Could you last a day without your smartphone? The answer for most people is no. I think we all know the feeling of panic when we leave our smartphones at home. Or that underlying sensation of wanting to answer that new notification that just popped up on our screen. But why are these devices, introduced less than 15 years ago, so addicting?
How it affects our brain
Even though smartphones are used differently by different people, many people share something in common, the joy that comes with receiving a notification or a text. In our brains there is a chemical that is produced called dopamine. Dopamine is released in our brains when we have enjoyable experiences such as eating great food, exercising, etc. One particular aspect of dopamine is that it rewards us and motivates us to redo beneficial behaviours. So, what does this have to do with smartphones you ask?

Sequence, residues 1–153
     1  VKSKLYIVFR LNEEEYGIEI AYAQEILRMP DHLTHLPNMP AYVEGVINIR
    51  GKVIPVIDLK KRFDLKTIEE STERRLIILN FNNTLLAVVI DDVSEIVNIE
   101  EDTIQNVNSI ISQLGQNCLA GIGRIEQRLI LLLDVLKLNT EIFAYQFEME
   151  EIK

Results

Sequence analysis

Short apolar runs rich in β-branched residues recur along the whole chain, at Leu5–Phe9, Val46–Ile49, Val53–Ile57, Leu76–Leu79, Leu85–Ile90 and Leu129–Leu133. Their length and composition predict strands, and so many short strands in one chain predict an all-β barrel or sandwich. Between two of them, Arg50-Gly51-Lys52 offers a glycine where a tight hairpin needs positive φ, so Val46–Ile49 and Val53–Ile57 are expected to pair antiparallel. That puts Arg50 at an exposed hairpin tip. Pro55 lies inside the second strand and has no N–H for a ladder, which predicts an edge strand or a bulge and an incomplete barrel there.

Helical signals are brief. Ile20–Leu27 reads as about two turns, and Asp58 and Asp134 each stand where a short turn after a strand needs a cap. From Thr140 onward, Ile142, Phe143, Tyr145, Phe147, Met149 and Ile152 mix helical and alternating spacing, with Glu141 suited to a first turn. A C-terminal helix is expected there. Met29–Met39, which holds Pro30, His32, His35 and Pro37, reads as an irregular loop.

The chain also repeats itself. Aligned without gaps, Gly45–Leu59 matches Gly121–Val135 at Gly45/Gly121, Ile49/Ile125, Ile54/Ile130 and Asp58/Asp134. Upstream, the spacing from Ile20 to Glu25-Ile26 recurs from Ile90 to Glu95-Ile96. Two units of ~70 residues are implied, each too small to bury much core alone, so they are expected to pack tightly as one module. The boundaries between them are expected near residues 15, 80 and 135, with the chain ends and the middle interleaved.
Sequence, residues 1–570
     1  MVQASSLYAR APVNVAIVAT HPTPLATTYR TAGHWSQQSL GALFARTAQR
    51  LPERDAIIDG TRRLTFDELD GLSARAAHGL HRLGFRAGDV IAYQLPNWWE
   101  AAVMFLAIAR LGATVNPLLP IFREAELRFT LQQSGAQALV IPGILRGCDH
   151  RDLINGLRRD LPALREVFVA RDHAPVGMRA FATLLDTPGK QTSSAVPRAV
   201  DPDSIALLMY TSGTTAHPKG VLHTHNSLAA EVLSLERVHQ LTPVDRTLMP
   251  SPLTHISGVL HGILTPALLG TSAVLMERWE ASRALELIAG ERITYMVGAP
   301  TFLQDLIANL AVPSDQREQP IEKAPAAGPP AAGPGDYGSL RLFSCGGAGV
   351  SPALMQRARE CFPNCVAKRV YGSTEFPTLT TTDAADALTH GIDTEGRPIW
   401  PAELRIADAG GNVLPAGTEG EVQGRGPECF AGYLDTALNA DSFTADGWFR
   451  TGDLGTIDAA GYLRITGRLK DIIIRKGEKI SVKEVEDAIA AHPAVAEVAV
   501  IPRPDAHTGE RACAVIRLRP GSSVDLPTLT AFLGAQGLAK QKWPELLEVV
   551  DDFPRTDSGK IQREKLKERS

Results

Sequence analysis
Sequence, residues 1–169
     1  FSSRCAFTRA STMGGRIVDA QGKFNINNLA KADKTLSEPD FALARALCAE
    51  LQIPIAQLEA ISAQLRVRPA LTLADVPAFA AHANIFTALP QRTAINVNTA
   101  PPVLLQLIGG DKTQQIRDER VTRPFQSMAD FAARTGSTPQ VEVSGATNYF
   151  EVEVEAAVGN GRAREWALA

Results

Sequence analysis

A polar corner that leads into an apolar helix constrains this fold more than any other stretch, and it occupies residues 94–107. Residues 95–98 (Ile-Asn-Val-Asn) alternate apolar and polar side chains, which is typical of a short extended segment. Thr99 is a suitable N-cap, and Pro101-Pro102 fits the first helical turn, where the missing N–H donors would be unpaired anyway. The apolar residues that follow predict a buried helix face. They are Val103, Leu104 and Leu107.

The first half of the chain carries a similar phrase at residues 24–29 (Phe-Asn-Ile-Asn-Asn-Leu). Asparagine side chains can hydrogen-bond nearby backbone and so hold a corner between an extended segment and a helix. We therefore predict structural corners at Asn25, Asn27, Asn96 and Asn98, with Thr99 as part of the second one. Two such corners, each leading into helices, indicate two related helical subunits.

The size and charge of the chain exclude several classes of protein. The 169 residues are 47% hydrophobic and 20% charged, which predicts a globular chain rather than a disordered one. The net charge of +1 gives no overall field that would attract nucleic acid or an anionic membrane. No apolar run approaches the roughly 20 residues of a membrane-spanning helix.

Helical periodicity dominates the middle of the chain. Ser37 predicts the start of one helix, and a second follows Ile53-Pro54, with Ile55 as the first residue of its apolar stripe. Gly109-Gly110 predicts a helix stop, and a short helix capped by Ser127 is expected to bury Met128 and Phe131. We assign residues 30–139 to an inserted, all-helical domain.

What should I do?
Everytime we receive a notification, whether it be from social media or a text message or anything relating to increased social activity, dopamine is released and the want for these social stimuli grows. It is dopamine that increases our want for our smartphones and usage, but we’ve also grown much more reliant on our phones than ever before. Not only are they used for texts and calls, but now they play music, act as our GPS, used to take photos, and so much more. I personally use my phone for many purposes and I know how useful they can be. That being said, we should always be cautious with how much we use our phones and their impacts. If they do really affect our personal lives, maybe its time for us to pull the plug and disconnect.